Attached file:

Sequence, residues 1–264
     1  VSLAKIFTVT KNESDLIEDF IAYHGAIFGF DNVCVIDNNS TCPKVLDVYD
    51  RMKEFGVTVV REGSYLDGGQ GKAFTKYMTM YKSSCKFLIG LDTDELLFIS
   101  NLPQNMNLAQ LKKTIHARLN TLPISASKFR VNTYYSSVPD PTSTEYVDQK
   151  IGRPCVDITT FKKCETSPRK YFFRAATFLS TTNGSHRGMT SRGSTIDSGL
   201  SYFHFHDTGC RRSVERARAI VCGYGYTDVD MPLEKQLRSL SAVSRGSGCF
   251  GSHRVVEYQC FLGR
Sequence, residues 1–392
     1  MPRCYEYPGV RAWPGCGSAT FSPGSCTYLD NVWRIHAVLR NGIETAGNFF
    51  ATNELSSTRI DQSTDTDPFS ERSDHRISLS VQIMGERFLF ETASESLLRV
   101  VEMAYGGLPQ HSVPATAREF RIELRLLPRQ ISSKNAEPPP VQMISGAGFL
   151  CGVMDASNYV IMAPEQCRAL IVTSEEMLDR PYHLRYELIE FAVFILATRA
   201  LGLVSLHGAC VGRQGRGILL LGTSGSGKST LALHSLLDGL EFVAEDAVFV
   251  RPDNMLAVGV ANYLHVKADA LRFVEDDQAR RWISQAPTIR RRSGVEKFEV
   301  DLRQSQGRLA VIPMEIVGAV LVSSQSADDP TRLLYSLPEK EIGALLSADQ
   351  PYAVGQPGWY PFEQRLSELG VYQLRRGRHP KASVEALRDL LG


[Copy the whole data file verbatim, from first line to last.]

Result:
Sequence, residues 1–264
     1  VSLAKIFTVT KNESDLIEDF IAYHGAIFGF DNVCVIDNNS TCPKVLDVYD
    51  RMKEFGVTVV REGSYLDGGQ GKAFTKYMTM YKSSCKFLIG LDTDELLFIS
   101  NLPQNMNLAQ LKKTIHARLN TLPISASKFR VNTYYSSVPD PTSTEYVDQK
   151  IGRPCVDITT FKKCETSPRK YFFRAATFLS TTNGSHRGMT SRGSTIDSGL
   201  SYFHFHDTGC RRSVERARAI VCGYGYTDVD MPLEKQLRSL SAVSRGSGCF
   251  GSHRVVEYQC FLGR
Sequence, residues 1–392
     1  MPRCYEYPGV RAWPGCGSAT FSPGSCTYLD NVWRIHAVLR NGIETAGNFF
    51  ATNELSSTRI DQSTDTDPFS ERSDHRISLS VQIMGERFLF ETASESLLRV
   101  VEMAYGGLPQ HSVPATAREF RIELRLLPRQ ISSKNAEPPP VQMISGAGFL
   151  CGVMDASNYV IMAPEQCRAL IVTSEEMLDR PYHLRYELIE FAVFILATRA
   201  LGLVSLHGAC VGRQGRGILL LGTSGSGKST LALHSLLDGL EFVAEDAVFV
   251  RPDNMLAVGV ANYLHVKADA LRFVEDDQAR RWISQAPTIR RRSGVEKFEV
   301  DLRQSQGRLA VIPMEIVGAV LVSSQSADDP TRLLYSLPEK EIGALLSADQ
   351  PYAVGQPGWY PFEQRLSELG VYQLRRGRHP KASVEALRDL LG